December’s market instability and resulting Fed capitulation to the marketplace continue to reverberate. At this point, markets basically assume the Fed is well into the process of terminating policy normalization. Only a couple of months since completing its almost $3.0 TN stimulus program, markets now expect the ECB to move forward with some type of additional stimulus measures (likely akin to its long-term refinancing operations/LTRO). There’s even talk that the Bank of Japan could, once again, ramp up its interminable “money printing” operations (BOJ balance sheet $5.0 TN… and counting). Manic global markets have briskly moved way beyond a simple Fed “pause.”
There was the Thursday Reuters article (Howard Schneider and Jonathan Spicer): “A Fed Pivot, Born of Volatility, Missteps, and New Economic Reality: The Federal Reserve’s promise in January to be ‘patient’ about further interest rate hikes, putting a three-year-old process of policy tightening on hold, calmed markets after weeks of turmoil that wiped out trillions of dollars of household wealth. But interviews with more than half a dozen policymakers and others close to the process suggest it also marked a more fundamental shift that could define Chairman Jerome Powell’s tenure as the point where the Fed first fully embraced a world of stubbornly weak inflation, perennially slower growth and permanently lower interest rates.”
And then Friday from the Financial Times (Sam Fleming): “Slow-inflation Conundrum Prompts Rethink at the Federal Reserve: Ten years into the recovery and with unemployment near half-century lows, the Federal Reserve’s traditional models suggest inflation should be surging. Instead, officials are grappling with unexpectedly tepid price growth, prompting some to rethink their strategy for steering the US economy. John Williams, the New York Fed president, said on Friday that persistently soft inflation readings over recent years could damage the Fed’s ability to convince the general public it will hit its 2% goal. Central banks in other major economies are likely to face similar problems, he warned… Persistent shortfalls relative to the Fed’s 2% target have already helped prompt officials to shelve plans for further rate rises. But they are also thinking more broadly about the US central bank’s inflation mandate… Officials are debating new approaches which could sometimes lead them to deliberately aim for above-target inflation. Richard Clarida, the Fed’s vice-chairman, said on Friday the central bank will be open-minded about these new ideas…”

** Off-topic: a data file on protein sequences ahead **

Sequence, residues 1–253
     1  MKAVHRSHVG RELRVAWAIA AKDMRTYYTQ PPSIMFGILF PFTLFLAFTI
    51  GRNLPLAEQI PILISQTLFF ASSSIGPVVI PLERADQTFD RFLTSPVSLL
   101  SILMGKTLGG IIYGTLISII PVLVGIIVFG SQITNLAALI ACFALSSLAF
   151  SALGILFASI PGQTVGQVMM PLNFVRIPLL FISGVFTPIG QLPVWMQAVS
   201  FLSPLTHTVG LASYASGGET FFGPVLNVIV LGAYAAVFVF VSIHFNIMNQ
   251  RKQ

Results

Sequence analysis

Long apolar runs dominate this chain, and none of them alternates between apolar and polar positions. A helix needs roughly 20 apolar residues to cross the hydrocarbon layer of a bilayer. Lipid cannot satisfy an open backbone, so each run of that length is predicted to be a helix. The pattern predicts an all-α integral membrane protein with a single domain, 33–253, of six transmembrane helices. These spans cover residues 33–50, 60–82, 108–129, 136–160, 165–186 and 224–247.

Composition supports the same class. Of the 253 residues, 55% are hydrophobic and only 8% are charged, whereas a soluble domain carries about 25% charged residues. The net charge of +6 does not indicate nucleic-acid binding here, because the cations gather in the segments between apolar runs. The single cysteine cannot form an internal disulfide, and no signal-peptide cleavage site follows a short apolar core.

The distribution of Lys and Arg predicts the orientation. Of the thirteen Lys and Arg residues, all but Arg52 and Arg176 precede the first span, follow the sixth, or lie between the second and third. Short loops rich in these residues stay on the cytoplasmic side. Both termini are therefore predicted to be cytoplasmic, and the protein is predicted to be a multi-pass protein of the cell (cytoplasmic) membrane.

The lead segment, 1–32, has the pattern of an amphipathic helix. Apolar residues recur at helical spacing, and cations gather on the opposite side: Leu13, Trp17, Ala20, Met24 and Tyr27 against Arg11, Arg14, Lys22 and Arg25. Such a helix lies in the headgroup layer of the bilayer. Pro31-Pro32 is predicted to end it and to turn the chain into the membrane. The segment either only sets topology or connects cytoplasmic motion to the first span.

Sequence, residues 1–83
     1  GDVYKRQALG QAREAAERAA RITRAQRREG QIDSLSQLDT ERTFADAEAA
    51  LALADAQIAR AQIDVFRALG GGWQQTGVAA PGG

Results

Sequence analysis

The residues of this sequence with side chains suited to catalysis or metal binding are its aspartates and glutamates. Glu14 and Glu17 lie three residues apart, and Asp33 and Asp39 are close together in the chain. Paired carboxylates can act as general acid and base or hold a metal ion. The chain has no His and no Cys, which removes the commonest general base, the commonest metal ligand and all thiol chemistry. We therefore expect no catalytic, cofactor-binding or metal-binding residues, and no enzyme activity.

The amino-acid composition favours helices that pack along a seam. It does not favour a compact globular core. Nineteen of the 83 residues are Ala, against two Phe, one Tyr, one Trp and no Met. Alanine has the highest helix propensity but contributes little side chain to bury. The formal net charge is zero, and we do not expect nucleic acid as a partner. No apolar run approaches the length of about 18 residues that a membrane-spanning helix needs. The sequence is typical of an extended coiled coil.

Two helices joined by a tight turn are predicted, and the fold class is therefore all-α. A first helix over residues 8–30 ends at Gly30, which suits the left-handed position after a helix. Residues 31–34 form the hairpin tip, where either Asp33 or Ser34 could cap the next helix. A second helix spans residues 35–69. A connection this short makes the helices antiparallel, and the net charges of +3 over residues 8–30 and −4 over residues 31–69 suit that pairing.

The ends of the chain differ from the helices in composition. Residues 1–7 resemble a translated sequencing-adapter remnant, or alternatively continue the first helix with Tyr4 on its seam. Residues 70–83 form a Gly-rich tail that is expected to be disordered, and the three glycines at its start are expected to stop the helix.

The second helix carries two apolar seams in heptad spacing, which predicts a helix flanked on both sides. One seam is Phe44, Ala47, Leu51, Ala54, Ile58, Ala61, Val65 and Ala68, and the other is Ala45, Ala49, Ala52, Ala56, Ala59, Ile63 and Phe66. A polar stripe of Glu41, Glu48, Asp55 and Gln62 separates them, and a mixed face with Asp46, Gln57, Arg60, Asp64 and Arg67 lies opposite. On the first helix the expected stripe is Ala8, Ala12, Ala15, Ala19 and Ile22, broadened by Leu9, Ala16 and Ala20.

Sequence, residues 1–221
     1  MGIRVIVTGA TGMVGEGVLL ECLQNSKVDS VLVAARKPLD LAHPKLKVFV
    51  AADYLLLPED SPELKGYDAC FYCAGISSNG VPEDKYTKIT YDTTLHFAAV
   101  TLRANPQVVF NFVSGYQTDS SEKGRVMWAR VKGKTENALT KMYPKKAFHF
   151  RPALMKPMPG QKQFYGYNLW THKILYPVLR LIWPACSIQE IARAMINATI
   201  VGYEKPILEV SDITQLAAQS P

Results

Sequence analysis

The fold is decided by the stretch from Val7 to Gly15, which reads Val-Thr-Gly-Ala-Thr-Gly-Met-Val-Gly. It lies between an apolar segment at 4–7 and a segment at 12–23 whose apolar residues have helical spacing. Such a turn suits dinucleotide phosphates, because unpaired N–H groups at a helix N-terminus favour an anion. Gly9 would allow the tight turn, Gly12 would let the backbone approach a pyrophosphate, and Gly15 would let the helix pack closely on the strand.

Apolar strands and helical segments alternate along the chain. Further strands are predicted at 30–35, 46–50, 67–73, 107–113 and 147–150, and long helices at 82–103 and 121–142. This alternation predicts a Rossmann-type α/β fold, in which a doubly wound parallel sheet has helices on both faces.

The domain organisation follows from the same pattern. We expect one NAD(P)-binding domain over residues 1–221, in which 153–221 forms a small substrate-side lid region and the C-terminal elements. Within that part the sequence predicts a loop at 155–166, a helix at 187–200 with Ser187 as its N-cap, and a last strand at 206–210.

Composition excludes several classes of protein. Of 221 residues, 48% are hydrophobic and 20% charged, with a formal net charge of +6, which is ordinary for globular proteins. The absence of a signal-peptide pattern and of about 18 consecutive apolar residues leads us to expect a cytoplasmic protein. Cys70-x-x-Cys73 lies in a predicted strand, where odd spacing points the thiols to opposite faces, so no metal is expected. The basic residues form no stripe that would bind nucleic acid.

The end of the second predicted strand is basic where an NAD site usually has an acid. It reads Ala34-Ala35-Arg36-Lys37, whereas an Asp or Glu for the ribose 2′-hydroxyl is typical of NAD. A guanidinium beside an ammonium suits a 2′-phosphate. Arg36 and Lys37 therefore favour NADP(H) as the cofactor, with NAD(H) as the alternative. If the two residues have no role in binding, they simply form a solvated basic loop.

Markets are raging and crazy talk is proliferating – and it’s already time to commence another momentous election cycle. Bill Dudley must have felt compelled to opine:
“People from across the political spectrum are challenging a bit of long-held conventional wisdom: that if the U.S. government runs big, sustained budget deficits, its mounting debts will eventually cause grievous harm to the economy. They have a point — but it is important not to push that point too far. The arguments come in different forms. Some mainstream economists — such as Olivier Blanchard, former chief economist at the International Monetary Fund –- note that sovereign debt is more manageable in a world where economic growth exceeds governments’ very low borrowing costs. On the more extreme end, proponents of Modern Monetary Theory argue that because the U.S. borrows in its own currency, it can always just print more dollars to cover its obligations.” Bill Dudley, former President of the New York Federal Reserve Bank, Bloomberg Opinion, February 19, 2019
Mr. Dudley surely appreciates the precarious state of things. “Deficits don’t matter.” Rebuild infrastructure; universal healthcare; universal basic income; reverse climate change; free college tuition; strong military; and low taxes. Where’s all the money to come from? Borrow a ton of it for sure. And, depending on your political affiliation, soak the rich.
Dudley: “Turning first to Blanchard, I agree that deficit spending looks less problematic than in the past. The government’s debt burden, measured as a percentage of gross domestic product, remains stable as long as debt and GDP grow at the same rate. This is easier to do now because the long-run nominal growth rate (around 3.5-4.0%) is well above the U.S. government’s borrowing cost (around 2.5%). So the government has some leeway: The debt can grow at nearly 4% per year, or 1.0% to 1.5% net of interest expense, without increasing the debt-to-GDP ratio. The low level of interest rates might help explain why markets have proven more tolerant of large, persistent budget deficits around the world, with Japan the most notable example.”